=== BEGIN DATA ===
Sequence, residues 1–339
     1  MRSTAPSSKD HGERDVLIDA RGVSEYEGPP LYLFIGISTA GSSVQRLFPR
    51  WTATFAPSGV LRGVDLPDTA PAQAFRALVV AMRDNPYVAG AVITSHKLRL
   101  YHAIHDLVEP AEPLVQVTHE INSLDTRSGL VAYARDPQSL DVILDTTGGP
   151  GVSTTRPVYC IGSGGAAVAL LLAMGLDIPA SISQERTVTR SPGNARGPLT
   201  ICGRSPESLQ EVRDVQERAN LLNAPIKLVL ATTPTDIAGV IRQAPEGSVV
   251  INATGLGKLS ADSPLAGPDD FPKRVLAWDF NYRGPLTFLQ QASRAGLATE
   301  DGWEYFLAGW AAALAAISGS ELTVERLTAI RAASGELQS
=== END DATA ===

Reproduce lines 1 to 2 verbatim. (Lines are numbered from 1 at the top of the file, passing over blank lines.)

Sequence, residues 1–339
     1  MRSTAPSSKD HGERDVLIDA RGVSEYEGPP LYLFIGISTA GSSVQRLFPR